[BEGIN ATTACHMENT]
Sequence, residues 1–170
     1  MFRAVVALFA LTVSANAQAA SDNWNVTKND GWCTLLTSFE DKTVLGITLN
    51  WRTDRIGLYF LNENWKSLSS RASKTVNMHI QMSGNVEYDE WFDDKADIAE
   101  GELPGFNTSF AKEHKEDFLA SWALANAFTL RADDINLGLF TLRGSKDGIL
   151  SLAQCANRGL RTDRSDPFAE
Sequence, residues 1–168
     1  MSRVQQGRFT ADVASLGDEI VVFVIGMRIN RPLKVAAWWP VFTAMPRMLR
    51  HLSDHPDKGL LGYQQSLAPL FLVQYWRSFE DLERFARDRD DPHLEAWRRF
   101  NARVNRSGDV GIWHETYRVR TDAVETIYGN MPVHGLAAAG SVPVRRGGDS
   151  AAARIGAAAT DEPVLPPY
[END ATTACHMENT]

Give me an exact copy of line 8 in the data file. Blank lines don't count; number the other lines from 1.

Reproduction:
    51  HLSDHPDKGL LGYQQSLAPL FLVQYWRSFE DLERFARDRD DPHLEAWRRF